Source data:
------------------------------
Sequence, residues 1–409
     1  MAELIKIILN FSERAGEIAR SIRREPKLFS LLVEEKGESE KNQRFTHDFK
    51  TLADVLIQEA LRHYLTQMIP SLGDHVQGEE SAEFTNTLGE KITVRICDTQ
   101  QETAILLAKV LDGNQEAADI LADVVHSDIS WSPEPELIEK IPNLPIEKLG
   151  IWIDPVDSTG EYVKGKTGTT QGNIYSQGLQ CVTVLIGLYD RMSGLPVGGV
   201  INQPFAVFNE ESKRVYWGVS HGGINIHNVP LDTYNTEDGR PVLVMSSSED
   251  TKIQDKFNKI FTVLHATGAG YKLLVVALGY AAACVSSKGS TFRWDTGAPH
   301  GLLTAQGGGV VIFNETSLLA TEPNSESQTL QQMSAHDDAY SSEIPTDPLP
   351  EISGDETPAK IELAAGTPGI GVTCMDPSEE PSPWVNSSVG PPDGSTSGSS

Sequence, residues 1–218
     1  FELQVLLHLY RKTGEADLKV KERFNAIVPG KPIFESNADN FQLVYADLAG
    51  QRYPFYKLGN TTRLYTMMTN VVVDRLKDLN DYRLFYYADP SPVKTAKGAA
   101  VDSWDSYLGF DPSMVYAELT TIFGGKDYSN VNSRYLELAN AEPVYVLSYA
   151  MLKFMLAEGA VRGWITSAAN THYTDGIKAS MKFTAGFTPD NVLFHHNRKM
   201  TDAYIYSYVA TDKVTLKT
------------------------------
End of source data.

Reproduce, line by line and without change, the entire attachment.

Sequence, residues 1–409
     1  MAELIKIILN FSERAGEIAR SIRREPKLFS LLVEEKGESE KNQRFTHDFK
    51  TLADVLIQEA LRHYLTQMIP SLGDHVQGEE SAEFTNTLGE KITVRICDTQ
   101  QETAILLAKV LDGNQEAADI LADVVHSDIS WSPEPELIEK IPNLPIEKLG
   151  IWIDPVDSTG EYVKGKTGTT QGNIYSQGLQ CVTVLIGLYD RMSGLPVGGV
   201  INQPFAVFNE ESKRVYWGVS HGGINIHNVP LDTYNTEDGR PVLVMSSSED
   251  TKIQDKFNKI FTVLHATGAG YKLLVVALGY AAACVSSKGS TFRWDTGAPH
   301  GLLTAQGGGV VIFNETSLLA TEPNSESQTL QQMSAHDDAY SSEIPTDPLP
   351  EISGDETPAK IELAAGTPGI GVTCMDPSEE PSPWVNSSVG PPDGSTSGSS

Sequence, residues 1–218
     1  FELQVLLHLY RKTGEADLKV KERFNAIVPG KPIFESNADN FQLVYADLAG
    51  QRYPFYKLGN TTRLYTMMTN VVVDRLKDLN DYRLFYYADP SPVKTAKGAA
   101  VDSWDSYLGF DPSMVYAELT TIFGGKDYSN VNSRYLELAN AEPVYVLSYA
   151  MLKFMLAEGA VRGWITSAAN THYTDGIKAS MKFTAGFTPD NVLFHHNRKM
   201  TDAYIYSYVA TDKVTLKT